Cuba is changing, more for some than others
In the same week , Cubans saw President Obama and the Rolling Stones, a
symbol of opening on the island. But while many talk about changes in
Cuba, the private sector is still small and the government could react
slowly to the U.S. offer to strengthen ties.
BY NORA GÁMEZ TORRES
“I wonder how the Castros are doing. They’ve had a rough week,”
whispered a woman in the crowd at the Rolling Stones concert in Havana.
“First Obama and now this,” she said of the concert by a band that was
banned in Cuba only some decades ago.
Mick Jagger, lead singer of the iconic British group, had just told the
crowd in Spanish, “We know that years ago it was difficult to listen to
our music, but we’re finally here. It seems that things are changing.”
Juan Tornés, 54, agreed. A rock fan, he acknowledged that when he was
young he never would have thought that such a concert could be held in
Cuba. His generation was never free to listen to rock, music that
appealed to youths that Fidel Castro once denounced as “elvispreslian”
Men and women of that generation remember when police broke up parties
where young people played the “bourgeois” music and confiscated their
LPs and cassettes. But Castro is now 89 and on Friday, March 26, more
than one million people listened to the British rockers, even if a
The concert venue provided room for nearly all sectors of an
increasingly diverse Cuban society, even though the government has made
it clear it will not tolerate political dissent.
Groups that don’t usually interact found each other in Ciudad Deportiva
— Sports City — in the Cerro neighborhood of Havana. Children, old
people, foreigners, everyone was there even though the government had
not issued one of its usual calls for a mass “mobilization.” Teenagers
and young adults, who from their clothes appeared to be fans of
reggaeton music, shared the grounds with punk rockers and even asked
timidly for photos with the musical “others.”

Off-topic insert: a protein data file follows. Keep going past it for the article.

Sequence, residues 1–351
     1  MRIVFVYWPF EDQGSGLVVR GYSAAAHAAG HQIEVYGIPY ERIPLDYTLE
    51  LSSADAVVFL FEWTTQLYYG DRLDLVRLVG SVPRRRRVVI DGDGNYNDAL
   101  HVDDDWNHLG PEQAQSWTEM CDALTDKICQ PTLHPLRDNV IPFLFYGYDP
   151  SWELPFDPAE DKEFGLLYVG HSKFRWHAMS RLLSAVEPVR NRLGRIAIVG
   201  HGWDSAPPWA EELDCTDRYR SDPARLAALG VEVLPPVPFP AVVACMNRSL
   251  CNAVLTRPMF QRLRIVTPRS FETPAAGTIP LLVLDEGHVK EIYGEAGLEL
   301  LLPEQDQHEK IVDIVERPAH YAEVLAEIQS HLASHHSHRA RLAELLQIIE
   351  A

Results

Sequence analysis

When members of the punk band Eztafilokoko arrived, with their spiked
clothes and Mohawk haircuts, several youths approached them for selfies
even though the band from La Lisa, on the outskirts of Havana, is not
well known. “We are underground,” said one band member.
Lead singer Yansel Gaínza said the band is guided by the spirit of “do
it yourself. We do everything,” he said, from arranging the concerts to
the clothes. The Mohawk is spiked with soap and water colors, he added.
For both rockers and punks, with markedly different aesthetics, Cuba’s
small spaces for self-employment can offer economic as well as
ideological and cultural independence from government controls.
Dynamic but small private sector
Members of Eztafilokoko said some of them work independently in
construction. Tornés, a shoemaker, said he made all the clothes he was
wearing. “I buy the clothes and adapt them,” he said. He even designed
his own tattoos, which he showed off one by one. Because he’s
self-employed, he added, he is not affected by any discrimination he
could face in a state job. “You know it when people look at you with
interest … or rejection,” he said.
Cuba’s emerging private economic sector includes one of the more dynamic
areas of the country’s society. A small sector is prospering because of
the legalization of non-state jobs – from a family-run paladar
restaurant so well decorated it could be in Wynwood; to the private bars
like Kingbar, where young people wait in line to buy mojitos for $3; and
locally developed apps like IslaDentro, which offers lists of
restaurants, cell repair shops and other services.
But even within this sector, inequality is growing more evident by the
day. While the paladares in the tourist-heavy neighborhoods of Vedado,
Miramar and Old Havana flourish, restaurants in less traveled Centro
Habana languish as former state cafeterias converted into cooperatives
and now run by former employees.
They are part of an “experiment” launched by the government in an
attempt to reduce state controls on the economy. But they do not appear
to be succeeding. One of the cooperative cafeterias on Neptuno Street
offers a plate of fried rice through an outside window as a “hook” for
clients, but few step inside the grimy restaurant, which appears to have
changed little despite the change in management.
Little change is also evident in the decrepit shop that repairs fans, TV
sets, rice and pressure cookers, clothes washers and shoes. The locale